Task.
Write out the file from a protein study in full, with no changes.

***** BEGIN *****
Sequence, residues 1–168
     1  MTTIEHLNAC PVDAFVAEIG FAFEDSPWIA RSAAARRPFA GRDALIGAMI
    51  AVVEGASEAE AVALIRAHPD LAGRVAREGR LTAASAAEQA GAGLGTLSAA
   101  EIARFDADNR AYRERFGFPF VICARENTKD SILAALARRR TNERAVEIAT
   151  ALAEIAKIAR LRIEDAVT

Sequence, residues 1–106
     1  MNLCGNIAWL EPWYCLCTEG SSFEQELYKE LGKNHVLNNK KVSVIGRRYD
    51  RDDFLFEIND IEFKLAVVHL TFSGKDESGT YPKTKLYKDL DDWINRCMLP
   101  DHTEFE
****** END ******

Sequence, residues 1–168
     1  MTTIEHLNAC PVDAFVAEIG FAFEDSPWIA RSAAARRPFA GRDALIGAMI
    51  AVVEGASEAE AVALIRAHPD LAGRVAREGR LTAASAAEQA GAGLGTLSAA
   101  EIARFDADNR AYRERFGFPF VICARENTKD SILAALARRR TNERAVEIAT
   151  ALAEIAKIAR LRIEDAVT

Sequence, residues 1–106
     1  MNLCGNIAWL EPWYCLCTEG SSFEQELYKE LGKNHVLNNK KVSVIGRRYD
    51  RDDFLFEIND IEFKLAVVHL TFSGKDESGT YPKTKLYKDL DDWINRCMLP
   101  DHTEFE